Graphics: ATI Mobility FireGL V5200 - Xorg Configuration  

Code listing 3.8: PCI bus info: lspci -v

	  01:00.0 VGA compatible controller: ATI Technologies Inc M56GL [Mobility FireGL V5200] (prog-if 00 [VGA controller])
	  Subsystem: Lenovo Unknown device 202b
	  Flags: bus master, fast devsel, latency 0, IRQ 16
	  Memory at d0000000 (32-bit, prefetchable) [size=256M]
	  I/O ports at 2000 [size=256]
	  Memory at ee000000 (32-bit, non-prefetchable) [size=64K]
	  [virtual] Expansion ROM at ee020000 [disabled] [size=128K]
	  Capabilities: [50] Power Management version 2
	  Capabilities: [58] Express Legacy Endpoint, MSI 00
	  Capabilities: [80] Message Signalled Interrupts: Mask- 64bit+ Queue=0/0 Enable-
	  Kernel driver in use: fglrx_pci
	  Kernel modules: fglrx

Code listing 3.9: Kernel configuration .config

	  Graphics support <*>
	  Support for frame buffer devices
	  [*] Enable firmware EDID
	  [ ] Backlight &
	  LCD device support --->

	  Character devices <*>Intel/AMD/VIA HW Randow Number
	  Generator support <*>/dev/nvram support # required by # NB: no
	  agpgart or direct rendering manager!

Configuration files: /etc/X11/xorg.conf

This card is not yet supported by open source DRI project (since it is very new).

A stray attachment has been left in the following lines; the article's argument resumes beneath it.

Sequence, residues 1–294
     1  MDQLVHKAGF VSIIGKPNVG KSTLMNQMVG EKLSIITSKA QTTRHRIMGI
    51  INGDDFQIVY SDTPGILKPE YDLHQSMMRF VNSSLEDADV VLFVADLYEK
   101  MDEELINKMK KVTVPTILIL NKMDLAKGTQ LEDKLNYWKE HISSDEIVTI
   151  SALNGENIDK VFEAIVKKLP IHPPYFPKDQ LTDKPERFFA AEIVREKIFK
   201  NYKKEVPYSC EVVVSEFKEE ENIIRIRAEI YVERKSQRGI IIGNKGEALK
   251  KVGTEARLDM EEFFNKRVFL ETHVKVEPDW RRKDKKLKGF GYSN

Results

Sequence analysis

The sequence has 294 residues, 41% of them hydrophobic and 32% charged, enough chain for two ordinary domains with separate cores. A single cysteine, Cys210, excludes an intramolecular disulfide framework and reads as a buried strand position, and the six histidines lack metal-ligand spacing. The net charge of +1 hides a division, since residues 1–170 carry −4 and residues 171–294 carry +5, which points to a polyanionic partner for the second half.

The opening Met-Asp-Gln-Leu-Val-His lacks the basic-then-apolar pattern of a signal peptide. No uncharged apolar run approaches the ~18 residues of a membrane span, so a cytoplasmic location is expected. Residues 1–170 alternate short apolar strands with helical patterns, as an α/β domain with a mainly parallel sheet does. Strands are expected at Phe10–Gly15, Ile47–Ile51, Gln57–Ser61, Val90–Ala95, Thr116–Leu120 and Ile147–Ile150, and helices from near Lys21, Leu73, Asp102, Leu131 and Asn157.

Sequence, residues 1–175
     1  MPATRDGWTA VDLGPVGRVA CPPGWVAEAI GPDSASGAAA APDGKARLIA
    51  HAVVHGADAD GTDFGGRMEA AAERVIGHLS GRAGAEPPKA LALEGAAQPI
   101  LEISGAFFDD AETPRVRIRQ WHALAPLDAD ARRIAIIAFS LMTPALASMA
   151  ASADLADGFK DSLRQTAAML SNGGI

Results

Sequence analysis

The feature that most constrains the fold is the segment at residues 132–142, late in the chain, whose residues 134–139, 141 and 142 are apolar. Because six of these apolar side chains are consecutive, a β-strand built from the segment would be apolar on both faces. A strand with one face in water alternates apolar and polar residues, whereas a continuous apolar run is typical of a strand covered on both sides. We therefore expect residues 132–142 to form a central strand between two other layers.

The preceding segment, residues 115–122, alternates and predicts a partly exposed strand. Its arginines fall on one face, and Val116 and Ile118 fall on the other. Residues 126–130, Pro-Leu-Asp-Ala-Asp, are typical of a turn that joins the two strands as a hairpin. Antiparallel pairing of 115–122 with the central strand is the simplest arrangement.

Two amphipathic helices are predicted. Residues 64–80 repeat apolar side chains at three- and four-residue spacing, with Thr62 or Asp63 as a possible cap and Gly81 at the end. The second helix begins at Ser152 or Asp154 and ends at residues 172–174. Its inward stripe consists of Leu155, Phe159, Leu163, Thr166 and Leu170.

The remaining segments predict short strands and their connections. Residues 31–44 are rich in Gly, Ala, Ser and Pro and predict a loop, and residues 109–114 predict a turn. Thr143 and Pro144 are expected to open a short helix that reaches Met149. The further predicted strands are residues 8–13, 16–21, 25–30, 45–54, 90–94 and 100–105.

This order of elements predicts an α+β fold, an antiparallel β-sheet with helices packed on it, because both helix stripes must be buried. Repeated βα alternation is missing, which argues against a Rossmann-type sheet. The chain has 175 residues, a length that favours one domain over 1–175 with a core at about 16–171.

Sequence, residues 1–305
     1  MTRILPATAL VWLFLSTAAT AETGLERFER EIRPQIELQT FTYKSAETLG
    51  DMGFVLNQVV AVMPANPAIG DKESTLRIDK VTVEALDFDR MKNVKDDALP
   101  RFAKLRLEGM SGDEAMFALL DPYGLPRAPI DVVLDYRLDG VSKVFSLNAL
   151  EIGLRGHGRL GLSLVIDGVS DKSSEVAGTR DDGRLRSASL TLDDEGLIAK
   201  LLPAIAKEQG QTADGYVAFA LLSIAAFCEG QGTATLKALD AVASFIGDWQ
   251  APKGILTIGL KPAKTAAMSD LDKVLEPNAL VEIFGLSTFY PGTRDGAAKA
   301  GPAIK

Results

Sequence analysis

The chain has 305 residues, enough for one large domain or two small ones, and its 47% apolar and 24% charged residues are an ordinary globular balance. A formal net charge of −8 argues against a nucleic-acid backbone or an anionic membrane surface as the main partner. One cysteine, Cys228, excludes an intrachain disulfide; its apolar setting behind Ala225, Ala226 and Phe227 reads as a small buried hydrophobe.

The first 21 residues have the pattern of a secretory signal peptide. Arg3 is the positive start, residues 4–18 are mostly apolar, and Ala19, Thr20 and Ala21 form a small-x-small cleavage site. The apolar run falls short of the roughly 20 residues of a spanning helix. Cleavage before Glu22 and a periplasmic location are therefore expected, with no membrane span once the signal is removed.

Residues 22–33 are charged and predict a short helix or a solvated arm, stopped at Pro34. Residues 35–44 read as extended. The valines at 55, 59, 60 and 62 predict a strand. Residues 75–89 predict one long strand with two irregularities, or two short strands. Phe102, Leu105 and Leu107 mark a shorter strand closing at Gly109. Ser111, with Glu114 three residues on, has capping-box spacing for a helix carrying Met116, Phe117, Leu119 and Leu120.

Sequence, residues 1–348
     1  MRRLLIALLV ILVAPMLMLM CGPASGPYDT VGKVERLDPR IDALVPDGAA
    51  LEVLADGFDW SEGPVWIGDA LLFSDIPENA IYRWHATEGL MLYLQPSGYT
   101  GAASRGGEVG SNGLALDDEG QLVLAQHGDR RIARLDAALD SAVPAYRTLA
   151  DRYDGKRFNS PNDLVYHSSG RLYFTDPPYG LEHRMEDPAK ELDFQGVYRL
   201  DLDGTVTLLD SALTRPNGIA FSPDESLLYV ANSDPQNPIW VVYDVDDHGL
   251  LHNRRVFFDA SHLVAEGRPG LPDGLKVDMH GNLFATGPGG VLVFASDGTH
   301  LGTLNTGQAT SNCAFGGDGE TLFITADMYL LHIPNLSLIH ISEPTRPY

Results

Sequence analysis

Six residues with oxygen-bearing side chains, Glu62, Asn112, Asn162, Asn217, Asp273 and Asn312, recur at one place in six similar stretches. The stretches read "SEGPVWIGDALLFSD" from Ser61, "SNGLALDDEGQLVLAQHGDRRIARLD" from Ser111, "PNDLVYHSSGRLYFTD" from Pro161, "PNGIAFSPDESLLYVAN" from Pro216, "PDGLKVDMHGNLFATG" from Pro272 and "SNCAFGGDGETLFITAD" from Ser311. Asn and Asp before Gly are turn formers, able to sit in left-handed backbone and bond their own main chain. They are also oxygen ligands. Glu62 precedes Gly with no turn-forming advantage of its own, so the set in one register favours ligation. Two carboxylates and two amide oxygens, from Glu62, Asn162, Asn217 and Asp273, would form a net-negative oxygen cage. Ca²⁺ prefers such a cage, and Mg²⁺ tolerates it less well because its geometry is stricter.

However, to my surprise the ATI drivers worked out of the box once I got the settings right. I followed the guide: Gentoo Wiki - HOWTO ATI Drivers . I did a emerge ati-drivers ati-drivers-extras (version 8.27.10-r1). and loaded the module: modprobe fglrx. Next I made a basic xorg.conf file using the basic xorgconf tool. Note: using Xorg -configure doesn't work since it doesn't recognize the card etc. It doesn't produce a xorg.conf file from which the ATI configuration tool can start from.] Next I let the ATI configuration tool use the resulting file and add its stuff: /opt/ati/bin/aticonfig --initial --input=/etc/X11/xorg.conf I then deleted double entries produced by xorgconf in xorg.conf (e.g. Monitor and Device sections). The resulting file allowed Xorg to start, automatically at maximum 1920x1200 resolution, yummy.

NOTE: I forgot to add opengl to my USE flags in make.conf. Recompling with this flag added Planet Pinguin Tuxracer ppracer (former tuxracer) screamed across my WUXGA TFT @ 1920x1200 without a hitch ..... smooth. The LCD shows no ghosting on the screen in games or with DVD play, very nice!

NOTE: the ATI driver automatically finds the refresh rates which I actually couldn't find (yet) for my WUXGA LCD screen (if you have them, let me know).

Configuration files: /etc/X11/xdm/xdm-config /etc/X11/xdm/Xresources /usr/lib/X11/xdm/Xsetup_my /usr/lib/X11/xdm/GiveConsole_my I let /usr/lib/X11/xdm/pixmaps/background_my be a link to the background I use on my desktop.